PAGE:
Are they biting?
By: Kirby Desha for The News Messenger
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Every angler would love to be able to pinpoint the exact times during the days when fish are on the chomp. It sure would make things a lot easier, right?

I suspect bite-time theory goes back well beyond the written word, or at least well before John Knight put forth his assertion that animals and fish move in response to lunar activity. His attempt to combine fishing lore with factors such as sun and moon locations became known as “Solunar theory,” and it’s widely used today.

In 1926, Knight compiled a list of 33 factors he thought contributed to the day-to-day behaviors of both freshwater and saltwater fish. This was eventually narrowed down to three main factors: sun, moon and tide.

 Since freshwater fish are not really affected by tides, he focused on the positions of the sun and moon; specifically moon up and moon down, which he determined to be the major periods. He found the most activity occurred when the moon was either directly overhead or directly below.

These periods of “major” activity lasted from one to three hours. Additionally, there were “minor-bite” windows during the day.

While some anglers swear by Knight’s theory, others have called it nonsense. These nonbelievers claim weather, especially water temperature, and tides are more important than lunar position.

Most of us will agree that fishing is best at sunrise and sunset, regardless of where the moon is. Personally, I’ve had tough bites during a full moon, but while salmon fishing outside the Golden Gate, I’ve been told that fishing is at its best during a full moon phase.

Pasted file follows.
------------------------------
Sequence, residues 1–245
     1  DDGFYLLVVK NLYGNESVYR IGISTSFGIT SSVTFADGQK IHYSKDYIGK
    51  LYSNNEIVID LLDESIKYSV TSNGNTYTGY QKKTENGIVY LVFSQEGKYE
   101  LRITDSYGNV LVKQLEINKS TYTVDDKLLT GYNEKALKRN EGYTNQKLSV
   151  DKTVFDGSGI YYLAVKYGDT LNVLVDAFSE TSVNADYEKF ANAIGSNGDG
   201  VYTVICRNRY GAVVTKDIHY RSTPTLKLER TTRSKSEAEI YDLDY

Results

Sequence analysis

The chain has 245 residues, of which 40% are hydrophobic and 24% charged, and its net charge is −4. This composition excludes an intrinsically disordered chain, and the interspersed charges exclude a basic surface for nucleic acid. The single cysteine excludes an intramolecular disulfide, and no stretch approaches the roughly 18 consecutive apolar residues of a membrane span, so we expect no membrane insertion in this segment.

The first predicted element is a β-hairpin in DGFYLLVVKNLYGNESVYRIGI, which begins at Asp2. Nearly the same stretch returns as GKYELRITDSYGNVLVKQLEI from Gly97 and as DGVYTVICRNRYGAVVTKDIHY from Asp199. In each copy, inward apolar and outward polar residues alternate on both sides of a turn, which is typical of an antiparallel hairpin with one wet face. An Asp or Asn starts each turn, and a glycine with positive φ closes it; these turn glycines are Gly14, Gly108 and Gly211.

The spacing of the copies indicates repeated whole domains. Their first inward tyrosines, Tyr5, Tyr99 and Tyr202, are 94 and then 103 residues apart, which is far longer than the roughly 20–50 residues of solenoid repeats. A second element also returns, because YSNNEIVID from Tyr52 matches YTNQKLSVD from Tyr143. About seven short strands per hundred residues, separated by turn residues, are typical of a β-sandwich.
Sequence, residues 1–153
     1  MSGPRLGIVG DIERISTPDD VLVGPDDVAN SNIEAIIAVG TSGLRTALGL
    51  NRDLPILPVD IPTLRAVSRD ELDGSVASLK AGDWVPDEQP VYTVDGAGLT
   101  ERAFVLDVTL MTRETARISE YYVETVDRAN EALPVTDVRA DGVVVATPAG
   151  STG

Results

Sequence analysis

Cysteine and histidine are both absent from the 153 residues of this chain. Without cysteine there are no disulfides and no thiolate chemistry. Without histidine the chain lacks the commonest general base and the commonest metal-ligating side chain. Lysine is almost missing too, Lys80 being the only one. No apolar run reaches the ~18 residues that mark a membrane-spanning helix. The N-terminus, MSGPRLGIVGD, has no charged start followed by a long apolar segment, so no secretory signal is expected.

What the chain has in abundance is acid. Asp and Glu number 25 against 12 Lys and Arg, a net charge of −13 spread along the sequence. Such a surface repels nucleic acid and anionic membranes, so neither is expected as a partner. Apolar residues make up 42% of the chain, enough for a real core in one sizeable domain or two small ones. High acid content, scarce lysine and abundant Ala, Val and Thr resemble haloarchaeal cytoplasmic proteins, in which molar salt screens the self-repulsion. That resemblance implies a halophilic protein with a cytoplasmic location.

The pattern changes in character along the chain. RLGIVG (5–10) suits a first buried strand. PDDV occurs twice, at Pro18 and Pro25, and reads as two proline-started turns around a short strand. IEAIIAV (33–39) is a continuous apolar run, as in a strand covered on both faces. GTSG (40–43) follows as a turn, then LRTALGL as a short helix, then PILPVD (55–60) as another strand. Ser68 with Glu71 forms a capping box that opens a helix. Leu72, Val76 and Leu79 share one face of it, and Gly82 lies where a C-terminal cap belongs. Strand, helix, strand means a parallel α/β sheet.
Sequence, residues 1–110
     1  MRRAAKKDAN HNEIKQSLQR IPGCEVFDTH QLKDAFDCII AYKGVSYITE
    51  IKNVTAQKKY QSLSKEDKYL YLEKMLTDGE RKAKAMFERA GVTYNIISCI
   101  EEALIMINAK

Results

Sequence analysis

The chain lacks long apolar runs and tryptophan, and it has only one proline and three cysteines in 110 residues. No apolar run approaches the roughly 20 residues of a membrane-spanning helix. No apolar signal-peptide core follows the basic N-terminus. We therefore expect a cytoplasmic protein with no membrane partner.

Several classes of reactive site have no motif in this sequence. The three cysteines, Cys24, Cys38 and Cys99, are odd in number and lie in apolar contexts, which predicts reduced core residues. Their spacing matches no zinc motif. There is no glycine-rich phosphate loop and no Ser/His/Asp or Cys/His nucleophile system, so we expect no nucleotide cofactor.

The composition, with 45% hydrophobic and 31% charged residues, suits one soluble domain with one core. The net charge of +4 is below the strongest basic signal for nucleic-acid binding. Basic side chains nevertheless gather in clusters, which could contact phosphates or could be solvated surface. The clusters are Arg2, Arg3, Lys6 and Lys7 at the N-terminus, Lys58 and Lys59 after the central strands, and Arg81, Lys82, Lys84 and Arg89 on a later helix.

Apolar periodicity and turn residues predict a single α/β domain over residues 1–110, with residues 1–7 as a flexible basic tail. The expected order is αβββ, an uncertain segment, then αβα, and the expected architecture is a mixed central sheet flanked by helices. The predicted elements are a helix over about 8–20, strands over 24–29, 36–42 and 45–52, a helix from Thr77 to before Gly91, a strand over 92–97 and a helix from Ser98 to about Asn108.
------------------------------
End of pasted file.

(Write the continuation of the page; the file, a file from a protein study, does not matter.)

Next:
Tides will certainly turn on the bite in the delta, and periods of “slack tide” are the worst. I’ve had some very good outings right before a storm blows in and lots of folks love to fish in the rain. Everyone I know agrees that the clearing period immediately after a storm is usually very slow.

Two recent trips got me thinking about bite times.

On a trip to Lake Oroville, I had been going in circles for several hours without any hits. The sky was clear with a slight breeze. Suddenly, there was a flurry of mid-day action.

Was it due to the magical “bite time,” or did I just happen to find a school of fish that were hungry?

There was very little boat traffic, although king salmon are not known to be boat shy.

During another trip to Collins Lake, I was out right before a big storm was due. In fact, it sprinkled off and on all day. I landed a few trout here and there, but the bite was slow.

As more boaters gave up and left the water, the bite started to pick up. Around 3 o’clock in the afternoon, it broke open and I was getting hits all over the lake; in the same areas I had gone over a few hours before.

So again, was it the bite window or the approaching storm; or the fact that there was less traffic scaring the fish?

It’s not a bad idea to check the online solunar tables, but I wouldn’t necessarily arrange my trips according to them. Most of us fish when we get a chance.

I know lots of guys who just flat out catch fish no matter what time of the day it is.